THERE ARE TWO beach towns within a three-hour drive from Arequipa: Mollendo and Camaná. Each costs between 10 and 15 soles to reach, and there are loads of minibuses and regular buses that leave every hour. Neither is better advertised from Arequipa’s bus terminals, and neither is a popular foreign tourist destinations, which might lead a sun-starved off-the-beaten-track backpacker to ask: Which is better?
Camaná is known as a young person’s town, a beachside resort for swimming in the chilly Pacific and drinking Cusqueña lager all weekend long. Unless you specifically head to La Punta, the town’s southern beach strip, the bus will drop you off just north of the Plaza de Armas and a pedestrian strip called 28 de Julio, which strongly resembles a depressing, stripped-down version of downtown Arica, Chile.
The version of La Punta we saw on a Tuesday afternoon, though, was a shadow of its reputation: few restaurants bothered opening, dogs played across the sand, the sky was perennially overcast and only a handful of families spent the night camping on the beach. Over breakfast the next morning, the only party we saw was coming down the street as five twentysomethings blared cumbia from their car, danced under an umbrella and tore through a milk crate of beer.
This is less an indictment of Camaná than a warning advisory: Don’t go on a weekday, and don’t go off-season, or else you’ll find a place that is unavoidably, unshakeably weird. It’s like a post-apocalyptic version of what you’d imagine a cool beach villa to be—vacant, grey and drinking to forget itself.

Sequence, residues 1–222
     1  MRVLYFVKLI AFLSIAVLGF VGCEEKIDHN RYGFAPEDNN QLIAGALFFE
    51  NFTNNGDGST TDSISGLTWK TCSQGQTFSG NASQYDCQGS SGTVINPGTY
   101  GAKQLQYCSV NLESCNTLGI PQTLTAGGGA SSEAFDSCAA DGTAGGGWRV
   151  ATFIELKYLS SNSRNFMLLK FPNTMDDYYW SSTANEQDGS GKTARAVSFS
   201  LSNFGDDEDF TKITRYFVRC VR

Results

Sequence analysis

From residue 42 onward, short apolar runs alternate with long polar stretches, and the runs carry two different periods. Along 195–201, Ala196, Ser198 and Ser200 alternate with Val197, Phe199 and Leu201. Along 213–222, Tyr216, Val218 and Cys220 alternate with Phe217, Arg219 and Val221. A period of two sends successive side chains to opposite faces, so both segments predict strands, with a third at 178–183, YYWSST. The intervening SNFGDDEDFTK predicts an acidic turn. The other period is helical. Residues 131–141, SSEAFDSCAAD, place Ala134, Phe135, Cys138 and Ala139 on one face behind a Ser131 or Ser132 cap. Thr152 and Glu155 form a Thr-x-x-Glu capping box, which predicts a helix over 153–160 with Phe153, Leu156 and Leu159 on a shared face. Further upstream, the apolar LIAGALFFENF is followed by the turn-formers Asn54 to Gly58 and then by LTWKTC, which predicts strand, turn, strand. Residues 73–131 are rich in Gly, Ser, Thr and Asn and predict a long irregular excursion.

Locals, however, know Camaná as the youthful counterpart to Mollendo, a more populated oceanside city that also homes numerous rickety wooden colonial buildings and is, to this blogger’s mind, a way better place to visit for two days.
Whereas Camaná feels like an attempt at a modern beach town (and, indeed, you can see the oceanfront resorts under construction along the highway), Mollendo has abandoned old-world charm. Literally, abandoned is the best word for it—the photo below shows a giant mansion on a Mollendo cliff, overlooking the Pacific Ocean, for sale after God-only-knows how many years of vacancy.
And while Mollendo is no less creepy than Camaná, with its cracked lamps and defunct railroads resembling a lost set from High Noon, at least people really live there. Mollendo has a bustling nightlife, a funky market, cafés and juice bars and old churches. It’s fun just to walk around and take photos there. In other words, even if you don’t like the beach, you could still have fun in Mollendo.
I’m told there are other things to do in Camaná besides the beach—the Mirador del Inca, for example, overlooks a valley and the river and leads to a robbed Incan cemetery. But nobody goes there for that. It is singularly a young Peruvian’s destination, and unless you are one, your soles would be better spend elsewhere.